Prison suicides rise by a 'troubling' 64% in one year
Prison suicides in England and Wales rose by 64% in 2013/14, according to the prisons complaints watchdog.
Ninety inmates took their own lives over the year compared with 55 the previous year, it found.
Nigel Newcomen, the Prisons and Probation Ombudsman, said the number of suicides was "a troubling reflection of the state of our prisons".
It also reflected "the level of mental ill health in prison" and failures to spot at-risk inmates, he said.
The ombudsman reported a big increase in self-inflicted deaths among adult male prisoners, with six suicides taking place among prisoners aged 18-21, an increase of four over the previous year.
But the biggest increase was among 25- to 30-year-olds, who accounted for 24% of suicides: there were 22 self-inflicted deaths in this age group compared with 14 the previous year.
There was also an increase in the number of prisoners taking their own lives during the first weeks and months of incarceration.
Mr Newcomen said there was only "anecdotal" evidence that the rise in suicides was caused by "stretched" prison resources.
He was unable to provide a "definitive explanation" for the rise in suicides, but cited some "sadly familiar issues" that were recurring, such as failure to take heed of warning signs that prisoners might be at risk of suicide.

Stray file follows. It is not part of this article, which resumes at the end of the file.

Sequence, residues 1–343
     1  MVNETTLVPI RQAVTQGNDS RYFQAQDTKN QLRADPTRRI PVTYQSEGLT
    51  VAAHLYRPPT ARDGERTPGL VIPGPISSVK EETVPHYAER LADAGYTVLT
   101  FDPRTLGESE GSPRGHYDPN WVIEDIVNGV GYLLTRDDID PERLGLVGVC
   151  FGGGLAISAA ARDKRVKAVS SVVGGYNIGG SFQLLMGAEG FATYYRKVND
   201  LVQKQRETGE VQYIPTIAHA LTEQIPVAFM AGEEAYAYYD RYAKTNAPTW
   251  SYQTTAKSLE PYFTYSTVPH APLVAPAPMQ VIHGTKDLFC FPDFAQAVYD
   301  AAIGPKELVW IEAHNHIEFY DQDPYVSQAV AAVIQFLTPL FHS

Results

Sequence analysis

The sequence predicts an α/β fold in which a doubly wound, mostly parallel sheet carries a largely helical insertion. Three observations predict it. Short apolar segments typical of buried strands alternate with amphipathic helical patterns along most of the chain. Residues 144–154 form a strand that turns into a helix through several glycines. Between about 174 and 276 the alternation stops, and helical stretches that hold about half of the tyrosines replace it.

"Complacency is not an option," Mr Newcomen said. "A rising suicide rate in prison reflects the state's difficulty in discharging its duty of care to some of the most vulnerable in its charge."
He recommended a review of the prison service's decade-old procedures on suicide and self-harm, given the examples found of "poor implementation" and the rise in suicides.
The ombudsman also reported four homicides during the year, twice as many the year before, and 130 deaths from natural causes.
The 7% rise in deaths by natural causes was largely explained by the fast growth of over-60s among the prison population, the watchdog said.